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City Council President Proposes Regulatory Reform To Make Philly More Business-Friendly

by Pat Loeb

PHILADELPHIA (CBS) -- City Council is taking steps to shed a reputation for being anti-business.

A resolution introduced in Council on Thursday would create a Special Committee on Regulatory Review and Reform to streamline business regulations.

"We think this is a good signal to send to the business community, not only in the city, but outside the city of Philadelphia, where people will make the decision to move here," said Council President Darrell Clarke, co-sponsor of the resolution, with Councilman Derek Green.

The move was immediately embraced by the Greater Philadelphia Chamber of Commerce, who worked with Clarke and Green, as well as Commerce Director Harold Epps, on formulating the idea.

"To have our local government make a serious attempt at local regulatory reform, they should be commended," said Chamber president Rob Wonderling.

It is a much different assessment than Wonderling and then-Chamber Chairman, David L. Cohen of Comcast, gave last month, after council passed a measure, aimed at correcting past discrimination, that bars an employer from asking for a job applicant's wage history.

Wonderling and Cohen called the wage history bill "the straw that broke the camel's back," citing half a dozen other laws in recent years that they said the business community considered intrusive, including mandatory sick leave and "ban the box" for ex-offenders on job applications.

None of those laws is likely to come under review. Instead, Clarke says the committee will go through decades worth of statutes and regulations with an eye toward weeding out those deemed unnecessary or onerous.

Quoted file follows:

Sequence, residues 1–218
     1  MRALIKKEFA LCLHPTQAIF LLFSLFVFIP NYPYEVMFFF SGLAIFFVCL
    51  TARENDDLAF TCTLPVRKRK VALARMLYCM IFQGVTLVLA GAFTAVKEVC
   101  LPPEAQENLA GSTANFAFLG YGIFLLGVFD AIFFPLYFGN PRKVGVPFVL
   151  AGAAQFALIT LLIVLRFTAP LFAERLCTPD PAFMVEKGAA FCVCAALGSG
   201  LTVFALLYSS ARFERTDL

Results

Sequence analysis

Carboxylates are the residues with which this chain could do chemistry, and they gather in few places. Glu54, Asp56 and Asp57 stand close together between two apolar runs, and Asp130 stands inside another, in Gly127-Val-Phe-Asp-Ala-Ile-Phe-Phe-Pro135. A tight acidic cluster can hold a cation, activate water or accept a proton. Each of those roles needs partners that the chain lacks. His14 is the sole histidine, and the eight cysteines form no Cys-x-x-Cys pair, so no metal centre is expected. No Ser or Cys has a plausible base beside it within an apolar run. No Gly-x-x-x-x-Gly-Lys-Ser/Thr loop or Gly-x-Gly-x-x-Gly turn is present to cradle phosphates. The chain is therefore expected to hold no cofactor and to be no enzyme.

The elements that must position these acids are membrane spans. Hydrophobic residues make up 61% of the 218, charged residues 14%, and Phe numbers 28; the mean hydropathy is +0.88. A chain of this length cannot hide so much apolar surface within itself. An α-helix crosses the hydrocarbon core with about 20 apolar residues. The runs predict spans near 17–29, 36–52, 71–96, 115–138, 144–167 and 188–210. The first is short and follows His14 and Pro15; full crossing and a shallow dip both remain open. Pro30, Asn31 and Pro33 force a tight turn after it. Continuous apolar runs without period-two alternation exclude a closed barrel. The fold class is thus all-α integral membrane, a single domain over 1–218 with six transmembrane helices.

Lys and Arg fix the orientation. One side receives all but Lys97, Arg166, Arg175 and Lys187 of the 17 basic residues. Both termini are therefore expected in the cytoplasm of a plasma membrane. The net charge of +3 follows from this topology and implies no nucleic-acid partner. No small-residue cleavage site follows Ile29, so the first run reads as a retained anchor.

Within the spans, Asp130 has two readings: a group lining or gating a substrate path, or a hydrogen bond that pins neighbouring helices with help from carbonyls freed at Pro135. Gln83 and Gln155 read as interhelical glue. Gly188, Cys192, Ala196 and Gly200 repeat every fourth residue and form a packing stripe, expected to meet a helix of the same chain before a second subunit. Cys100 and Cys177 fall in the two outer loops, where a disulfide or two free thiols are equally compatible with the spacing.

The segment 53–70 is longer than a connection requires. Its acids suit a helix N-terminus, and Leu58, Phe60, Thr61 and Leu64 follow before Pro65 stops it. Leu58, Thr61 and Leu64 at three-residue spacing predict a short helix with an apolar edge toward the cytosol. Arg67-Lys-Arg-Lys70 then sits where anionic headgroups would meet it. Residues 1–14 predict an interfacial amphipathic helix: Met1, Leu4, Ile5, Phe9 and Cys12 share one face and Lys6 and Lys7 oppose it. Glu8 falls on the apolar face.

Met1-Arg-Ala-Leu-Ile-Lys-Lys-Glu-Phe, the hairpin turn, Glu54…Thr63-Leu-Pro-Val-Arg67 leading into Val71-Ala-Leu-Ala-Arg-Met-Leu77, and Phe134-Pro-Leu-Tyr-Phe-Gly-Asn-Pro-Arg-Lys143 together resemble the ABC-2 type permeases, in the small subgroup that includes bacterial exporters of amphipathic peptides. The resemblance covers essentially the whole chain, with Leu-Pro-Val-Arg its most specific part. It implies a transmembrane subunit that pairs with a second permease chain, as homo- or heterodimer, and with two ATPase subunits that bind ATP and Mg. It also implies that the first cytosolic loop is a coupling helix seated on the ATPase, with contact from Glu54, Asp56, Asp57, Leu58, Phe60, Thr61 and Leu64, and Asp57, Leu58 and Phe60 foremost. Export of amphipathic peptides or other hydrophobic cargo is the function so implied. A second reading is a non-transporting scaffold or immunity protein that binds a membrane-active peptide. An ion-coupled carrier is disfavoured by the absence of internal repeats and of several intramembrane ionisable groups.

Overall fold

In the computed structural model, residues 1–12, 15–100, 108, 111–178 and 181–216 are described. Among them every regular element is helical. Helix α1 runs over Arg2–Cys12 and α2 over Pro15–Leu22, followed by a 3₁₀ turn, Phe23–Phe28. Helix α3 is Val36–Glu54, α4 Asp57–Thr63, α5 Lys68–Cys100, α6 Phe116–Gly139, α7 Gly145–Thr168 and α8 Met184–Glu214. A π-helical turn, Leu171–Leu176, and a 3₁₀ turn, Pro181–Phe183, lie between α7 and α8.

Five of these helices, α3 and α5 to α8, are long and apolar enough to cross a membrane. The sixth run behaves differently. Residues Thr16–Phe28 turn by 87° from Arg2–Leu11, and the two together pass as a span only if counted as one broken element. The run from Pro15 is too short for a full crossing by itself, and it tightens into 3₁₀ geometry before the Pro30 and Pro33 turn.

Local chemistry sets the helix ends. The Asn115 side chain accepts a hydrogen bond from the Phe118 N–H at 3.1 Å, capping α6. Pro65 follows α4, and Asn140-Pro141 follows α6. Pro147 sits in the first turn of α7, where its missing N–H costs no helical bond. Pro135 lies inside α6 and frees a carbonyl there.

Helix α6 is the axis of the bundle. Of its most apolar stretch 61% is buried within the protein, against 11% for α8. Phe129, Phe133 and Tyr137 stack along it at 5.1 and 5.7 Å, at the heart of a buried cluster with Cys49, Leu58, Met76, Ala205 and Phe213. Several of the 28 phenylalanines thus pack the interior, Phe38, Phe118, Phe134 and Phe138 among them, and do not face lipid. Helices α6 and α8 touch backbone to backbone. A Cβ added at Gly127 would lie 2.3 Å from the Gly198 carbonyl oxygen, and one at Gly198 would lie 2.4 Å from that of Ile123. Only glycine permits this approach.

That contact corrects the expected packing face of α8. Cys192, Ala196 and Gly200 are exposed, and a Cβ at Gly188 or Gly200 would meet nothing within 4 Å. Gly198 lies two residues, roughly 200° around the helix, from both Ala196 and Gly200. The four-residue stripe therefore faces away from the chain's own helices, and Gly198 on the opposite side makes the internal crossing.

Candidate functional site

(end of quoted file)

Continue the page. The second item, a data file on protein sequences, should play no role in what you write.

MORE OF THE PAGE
"There are a lot of bills that aren't even relevant anymore. There are not even those types of functions. But the problem is, when you open a business, you have to go through everything to see if anything may impact your particular business, and we need to eliminate those," said Clarke.

Still, it appears to be a reconciliation, of sorts, between council and the Chamber, with both sides making an effort to understand the other.

"We look forward to working with the council president and Councilman Green in a partnership to at least be as supportive as we possibly can," said Wonderling.

Clarke, meanwhile, conceded that he himself had perhaps been a bit over-enamored of regulation "in my early years in city council."

Clarke says he sponsored a bill, limiting what businesses can sell. He says it was out of concern about pawn shops springing up around Sugar House casino, "but because it was a bill that affected everybody, it was onerous."

He says that will be one of the first ones to go.

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